Halloween costumes continue to conform to hurtful stereotypes held about marginalized groups
Stereotypes and oppression are not concepts that people tend to associate with Halloween. Oct. 31 usually conjures visions of pumpkins and parties not prejudice, but many costumes people use or dress their children up as on Halloween, conform to the worst stereotypes held about other groups.
“Despite your intentions, your costume, as perceived by others, can still perpetuate harmful stereotypes and stigmas, which can breed more aggression and racism, and trigger a history of lived trauma for those whose bodies you are taking off at the end of the night,” said Michelle Pettis, community action centre co-ordinator.
If people are called out about this, they make excuses like “they did not mean to be harmful,” says social justice comedian Sam Killerman on his website It’s Pronounced Metrosexual. “Intentions don’t matter, effect does,” adds Killerman, writing that regardless of the intent, the targeted identity is still attacked, marginalized, and dehumanized.
Though defining the process by which this occurs is difficult for some, for Pettis it is simple, saying, “acts of appropriation occur when someone who does not experience that oppression is able to ‘play’ as an ‘exotic other’ who does face the discrimination.”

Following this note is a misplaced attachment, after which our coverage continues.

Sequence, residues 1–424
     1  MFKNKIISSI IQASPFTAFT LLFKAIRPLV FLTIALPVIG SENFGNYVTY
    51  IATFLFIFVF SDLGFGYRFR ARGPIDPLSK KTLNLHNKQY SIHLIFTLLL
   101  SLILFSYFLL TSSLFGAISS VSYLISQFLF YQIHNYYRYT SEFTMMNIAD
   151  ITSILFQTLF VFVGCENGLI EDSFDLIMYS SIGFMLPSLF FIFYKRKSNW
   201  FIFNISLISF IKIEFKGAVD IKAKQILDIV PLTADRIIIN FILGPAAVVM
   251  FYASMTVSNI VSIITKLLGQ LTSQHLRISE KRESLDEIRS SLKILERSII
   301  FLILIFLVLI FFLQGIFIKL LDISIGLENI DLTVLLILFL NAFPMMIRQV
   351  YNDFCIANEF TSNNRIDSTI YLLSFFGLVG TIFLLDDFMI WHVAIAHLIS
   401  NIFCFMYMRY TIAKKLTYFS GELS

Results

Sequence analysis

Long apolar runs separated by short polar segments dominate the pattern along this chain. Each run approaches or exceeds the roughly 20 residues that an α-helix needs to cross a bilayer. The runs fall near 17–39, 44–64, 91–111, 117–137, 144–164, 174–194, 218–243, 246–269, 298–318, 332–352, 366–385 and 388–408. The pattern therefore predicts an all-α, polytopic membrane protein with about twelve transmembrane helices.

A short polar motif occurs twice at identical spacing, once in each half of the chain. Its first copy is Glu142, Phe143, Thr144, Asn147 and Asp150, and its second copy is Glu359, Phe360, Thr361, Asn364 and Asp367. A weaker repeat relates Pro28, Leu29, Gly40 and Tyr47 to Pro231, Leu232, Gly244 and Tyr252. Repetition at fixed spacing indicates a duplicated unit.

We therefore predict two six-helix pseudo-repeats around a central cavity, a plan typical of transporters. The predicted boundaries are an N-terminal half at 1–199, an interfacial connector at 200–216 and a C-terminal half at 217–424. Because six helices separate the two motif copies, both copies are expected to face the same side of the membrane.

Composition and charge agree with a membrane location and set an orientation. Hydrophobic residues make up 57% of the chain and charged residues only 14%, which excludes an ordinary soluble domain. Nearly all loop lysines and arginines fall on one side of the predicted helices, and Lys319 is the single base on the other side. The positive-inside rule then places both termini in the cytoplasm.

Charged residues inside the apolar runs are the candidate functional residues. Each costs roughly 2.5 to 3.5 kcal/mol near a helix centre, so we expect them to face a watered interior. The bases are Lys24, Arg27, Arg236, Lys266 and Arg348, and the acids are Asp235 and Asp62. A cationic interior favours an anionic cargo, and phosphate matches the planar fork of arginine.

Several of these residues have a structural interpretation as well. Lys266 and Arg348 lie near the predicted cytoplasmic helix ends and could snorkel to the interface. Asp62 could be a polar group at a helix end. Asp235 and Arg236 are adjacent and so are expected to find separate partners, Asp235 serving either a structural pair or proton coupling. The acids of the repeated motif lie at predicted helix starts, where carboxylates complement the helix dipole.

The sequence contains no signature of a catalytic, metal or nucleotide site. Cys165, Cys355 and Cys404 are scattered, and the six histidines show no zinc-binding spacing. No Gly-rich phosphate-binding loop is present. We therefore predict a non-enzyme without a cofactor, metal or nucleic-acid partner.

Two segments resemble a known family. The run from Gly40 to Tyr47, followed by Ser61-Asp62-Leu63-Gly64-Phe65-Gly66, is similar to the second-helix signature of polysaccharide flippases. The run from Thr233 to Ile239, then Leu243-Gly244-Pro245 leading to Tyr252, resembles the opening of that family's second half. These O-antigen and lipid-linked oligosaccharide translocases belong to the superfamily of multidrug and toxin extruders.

In addition to trans-people, Pettis also discusses how “slutty” Halloween costumes reinforce sexism and other gender stereotypes. Pettis says that women shouldn’t be reduced to sexy objects and that they should not be “slut shamed” because of their costume.
“Halloween costumes can also risk breeding transphobia,” said Pettis. “Humorous or erotic costumes are often of marginalized, oppressed people, and continue dehumanization; but Halloween can also be a safe time to play with gender and experiment. It’s worth asking who is laughing and at whom?”
Resistance to this trend of offensive Halloween costumes is becoming more normalized.
A poster campaign started on a whim by a U.S-based group called Students Teaching About Racism in Society (STARS) has become an annual event; by continuing this poster campaign, individuals are demonstrating that they are fed up with this yearly phenomenon of cultural appropriation.
According to the STARS website, their goal is to help educate and facilitate discussions around racism while promoting racial harmony and creating a safe, non-threatening environment to allow participants to feel comfortable to express their feelings.
It has also started the long term dialogue STARS feels is necessary, that helps to “raise awareness about how harmful stereotypes can be perpetuated through Halloween costumes.”
So this Halloween take the idea of respecting other cultures into consideration when choosing your costume, and for people who are worried about costume options, Pettis says, “if you thought your costume idea was soooo creative—then you are creative enough to imagine an option that is not hurtful.”